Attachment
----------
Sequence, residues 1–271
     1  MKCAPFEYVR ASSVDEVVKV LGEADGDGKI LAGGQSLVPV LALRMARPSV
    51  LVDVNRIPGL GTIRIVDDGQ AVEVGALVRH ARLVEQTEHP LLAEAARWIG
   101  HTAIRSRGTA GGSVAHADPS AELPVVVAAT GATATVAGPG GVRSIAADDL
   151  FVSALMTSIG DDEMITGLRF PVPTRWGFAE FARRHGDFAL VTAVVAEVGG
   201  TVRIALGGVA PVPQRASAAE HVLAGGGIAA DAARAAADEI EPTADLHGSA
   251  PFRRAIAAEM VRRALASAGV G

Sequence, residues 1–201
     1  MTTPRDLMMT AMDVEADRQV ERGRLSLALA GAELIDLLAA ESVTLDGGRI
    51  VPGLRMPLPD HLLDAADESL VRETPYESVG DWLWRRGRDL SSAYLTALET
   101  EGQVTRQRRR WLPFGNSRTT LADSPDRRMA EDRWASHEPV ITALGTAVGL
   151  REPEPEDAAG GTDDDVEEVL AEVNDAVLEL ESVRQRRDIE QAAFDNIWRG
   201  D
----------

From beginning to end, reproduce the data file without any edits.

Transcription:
Sequence, residues 1–271
     1  MKCAPFEYVR ASSVDEVVKV LGEADGDGKI LAGGQSLVPV LALRMARPSV
    51  LVDVNRIPGL GTIRIVDDGQ AVEVGALVRH ARLVEQTEHP LLAEAARWIG
   101  HTAIRSRGTA GGSVAHADPS AELPVVVAAT GATATVAGPG GVRSIAADDL
   151  FVSALMTSIG DDEMITGLRF PVPTRWGFAE FARRHGDFAL VTAVVAEVGG
   201  TVRIALGGVA PVPQRASAAE HVLAGGGIAA DAARAAADEI EPTADLHGSA
   251  PFRRAIAAEM VRRALASAGV G

Sequence, residues 1–201
     1  MTTPRDLMMT AMDVEADRQV ERGRLSLALA GAELIDLLAA ESVTLDGGRI
    51  VPGLRMPLPD HLLDAADESL VRETPYESVG DWLWRRGRDL SSAYLTALET
   101  EGQVTRQRRR WLPFGNSRTT LADSPDRRMA EDRWASHEPV ITALGTAVGL
   151  REPEPEDAAG GTDDDVEEVL AEVNDAVLEL ESVRQRRDIE QAAFDNIWRG
   201  D